The North Easts largest inner-city music festival ‘Hit the North’ packed a punch into the bank holiday weekend. With 16 of the best music venues in Newcastle showcasing a jam-packed line up for the festival this year. This year did not disappoint, the night before was spent planning set times and venue logistics and of course, food pit stops!

As I roll up into the city (not via metro), the vibe is happening and it’s great to see and hear non-locals flooding out of the train station with Hit The North maps and wrist bands.

First stop today is at the Boiler Shop, where I have managed to bag a quick chat with punk band The Dunts. The Dunts are playing the Think Tank? At 5:15 so it was really cool of them to squeeze InNewcastle in for a few questions before the gig. The lads – fresh from playing Leeds the night before were a spritely bunch ready to hit Newcastle with their live set which includes their latest EP release ‘Self Proclaimed Council Punks’ which has had rave reviews after The Dunts blasted SXSW with their live council punk glory.


The Dunts are Rab, David, Colin and Kyle great pals from the south side of inner-city Glasgow. Formed for the love of making noise these four punk pals make no bones about letting go in their live performances. Having made a huge imprint at SXSW this year the band sees their touring schedule ram packed. Having played Leeds the nights before, The Dunts are ready for Hit The North Festival. I caught up with The Dunts before their gig at The Think Tank.

You guys have just played Leeds – how was it?

Rab – Good – It was really good! A little empty towards the start of the set but as the first few songs went past it started panning out and by the end of it people were crowd surfing so I’d say it was successfully converted.
Kyle – It’s the first gig we’ve played since coming back from America and the first gig that we’ve played in the UK since January so it felt great to be back on stage.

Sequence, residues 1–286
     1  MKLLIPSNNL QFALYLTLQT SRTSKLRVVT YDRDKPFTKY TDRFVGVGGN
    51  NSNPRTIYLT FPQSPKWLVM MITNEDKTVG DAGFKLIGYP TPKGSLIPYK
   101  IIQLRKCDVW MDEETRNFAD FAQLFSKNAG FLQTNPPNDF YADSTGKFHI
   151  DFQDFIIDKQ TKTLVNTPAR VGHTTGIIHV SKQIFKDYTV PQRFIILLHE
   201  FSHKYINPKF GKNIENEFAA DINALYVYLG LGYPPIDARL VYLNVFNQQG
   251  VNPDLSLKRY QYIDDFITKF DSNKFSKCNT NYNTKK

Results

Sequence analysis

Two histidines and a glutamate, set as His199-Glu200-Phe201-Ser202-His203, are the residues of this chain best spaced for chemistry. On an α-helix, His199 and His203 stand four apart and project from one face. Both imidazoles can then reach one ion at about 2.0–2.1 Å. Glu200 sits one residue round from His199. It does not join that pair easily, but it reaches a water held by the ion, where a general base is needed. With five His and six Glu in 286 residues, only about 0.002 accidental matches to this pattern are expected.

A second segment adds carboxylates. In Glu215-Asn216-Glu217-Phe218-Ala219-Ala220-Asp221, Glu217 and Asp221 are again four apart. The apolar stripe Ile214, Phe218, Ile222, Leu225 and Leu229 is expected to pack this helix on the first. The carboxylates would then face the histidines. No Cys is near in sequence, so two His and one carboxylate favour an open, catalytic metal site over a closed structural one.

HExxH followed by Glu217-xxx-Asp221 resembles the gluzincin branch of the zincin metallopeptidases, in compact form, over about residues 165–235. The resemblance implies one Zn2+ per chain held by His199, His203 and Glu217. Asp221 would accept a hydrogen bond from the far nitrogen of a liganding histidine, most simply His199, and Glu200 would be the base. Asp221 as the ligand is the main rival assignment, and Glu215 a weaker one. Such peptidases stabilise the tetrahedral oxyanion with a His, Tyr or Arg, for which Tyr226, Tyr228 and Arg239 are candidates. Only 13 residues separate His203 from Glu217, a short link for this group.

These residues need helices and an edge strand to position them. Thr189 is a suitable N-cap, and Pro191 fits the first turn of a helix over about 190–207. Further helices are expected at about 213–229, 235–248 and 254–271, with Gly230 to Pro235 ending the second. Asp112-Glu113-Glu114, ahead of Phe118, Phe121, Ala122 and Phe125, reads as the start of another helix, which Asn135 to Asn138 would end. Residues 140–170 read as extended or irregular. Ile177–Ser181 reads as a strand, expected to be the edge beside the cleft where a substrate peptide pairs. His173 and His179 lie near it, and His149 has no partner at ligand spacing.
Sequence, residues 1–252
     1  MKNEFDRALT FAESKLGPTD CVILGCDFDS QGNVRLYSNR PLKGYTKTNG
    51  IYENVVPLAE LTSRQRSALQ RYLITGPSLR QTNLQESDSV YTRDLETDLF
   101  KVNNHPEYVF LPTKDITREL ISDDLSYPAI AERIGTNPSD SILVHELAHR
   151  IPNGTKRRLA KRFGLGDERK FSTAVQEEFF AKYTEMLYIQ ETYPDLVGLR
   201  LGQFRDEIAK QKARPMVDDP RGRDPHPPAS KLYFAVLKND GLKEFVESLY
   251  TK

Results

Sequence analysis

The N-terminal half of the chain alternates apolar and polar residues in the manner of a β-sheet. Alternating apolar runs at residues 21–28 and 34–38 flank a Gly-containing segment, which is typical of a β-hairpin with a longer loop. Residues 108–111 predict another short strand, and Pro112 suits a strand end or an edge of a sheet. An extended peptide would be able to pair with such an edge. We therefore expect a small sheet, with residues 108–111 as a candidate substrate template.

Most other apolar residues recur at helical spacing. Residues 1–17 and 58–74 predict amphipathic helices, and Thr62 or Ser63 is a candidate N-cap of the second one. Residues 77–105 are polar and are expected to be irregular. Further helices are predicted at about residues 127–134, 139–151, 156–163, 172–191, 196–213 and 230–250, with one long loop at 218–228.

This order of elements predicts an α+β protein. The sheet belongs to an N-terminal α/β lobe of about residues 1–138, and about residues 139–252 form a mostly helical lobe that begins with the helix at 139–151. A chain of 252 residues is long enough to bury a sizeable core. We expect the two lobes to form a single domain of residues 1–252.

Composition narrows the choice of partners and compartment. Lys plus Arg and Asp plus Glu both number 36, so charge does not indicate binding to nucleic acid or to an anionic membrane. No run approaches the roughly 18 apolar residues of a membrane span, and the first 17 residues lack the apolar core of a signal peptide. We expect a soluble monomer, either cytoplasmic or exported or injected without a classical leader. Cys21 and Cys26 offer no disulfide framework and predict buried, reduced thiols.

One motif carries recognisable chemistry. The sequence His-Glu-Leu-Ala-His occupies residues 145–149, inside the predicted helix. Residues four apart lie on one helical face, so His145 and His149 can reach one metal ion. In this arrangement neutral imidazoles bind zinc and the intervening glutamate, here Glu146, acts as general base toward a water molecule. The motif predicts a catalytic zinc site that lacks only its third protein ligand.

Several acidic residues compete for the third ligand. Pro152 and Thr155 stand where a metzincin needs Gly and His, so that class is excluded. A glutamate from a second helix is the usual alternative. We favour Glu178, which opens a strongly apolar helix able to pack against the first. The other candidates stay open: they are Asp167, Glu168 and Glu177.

SXSW – How on earth was that?!

Kyle – Aww it was incredible – I had just said I didnae want to come back after that!

Rab – It was just so different me and Colin had never been to America before – it’s kinda amazing and humbling to be there for the first time and knowing its on account of your musical side of it, it’s just mindblowing, the people over there are so friendly, its such a big place everything is bigger everything is busier – just full on all the time

Colin – We didn’t what to expect in terms of crowds as well as we know at SXSW – you could be playing pizza shops and stuff, there might only be five people and; we know people who have played before who’ve played to empty rooms – we were a bit worried it was gonna be like that. We played two gigs and both gigs were full, people were getting knocked back at the door, that meant a lot to us. Even then after that, we were like “aw this must be an accident” but people were genuinely into us and listen to us and wanted to see us live – which is good knowing that anyone listens to our music; considering we are from Scotland – that’s pretty amazing.

David – Aw it was so good

The Dunts are self-released, Your fans must be quite die hard, do you have quite a following in then?

Colin – Yeah, they are so passionate, when it used to be our friends jumping about we like ‘ah this is cool’ – they’re our friends and it means a lot to them it means a lot to us but, when it got to the point where it was strangers throwing themselves off stage – mosh pittin’ and stage diving about sweating their heads off – and that means so much to us. Especially seeing the younger crowd as well, we did a 14 plus gig in Glasgow and noticed 50% of our audience were of that age, as soon as we did that we agreed that we wouldn’t do anything other than that. We thought well in ten years time they might look back on that and it was a good time for them when they were young.

Rab – It happened to me – the bands I used to like and the bands I used to go see live – they are still with me, your musical taste kind of progress’s when you grow up but those bands where the bands that kicked it all off for me in terms of starting to like the type of music I like.

What bands?

Rab – Er well, bands like The Libertines – I’ve got a Libertines tattoo that I got on a whim when I was seventeen. I don’t really listen to them too much anymore but they were still a huge influence on me becoming the person I am today, they had such an influence on me growing up and a gateway band to the bands I listen to now.

Colin – Like local bands, there is more of a scene now but, when we were about 9/10-year-old that’s when bands like Franz Ferdinand the Fratellis came about. Seeing them at The Brit Awards – hearing people with your own accent – gives you more belief that you can do it.

You are all from the same Council estate is that right?

David – Er, well different estates – me and Kyle both stayed in Renfrew but even then it was two different council estates.

Kyle – I still stay there!

Colin – I was like, what you call a ‘scheme hopper’ which means someone who moves around a lot and someone who has lived on different council estates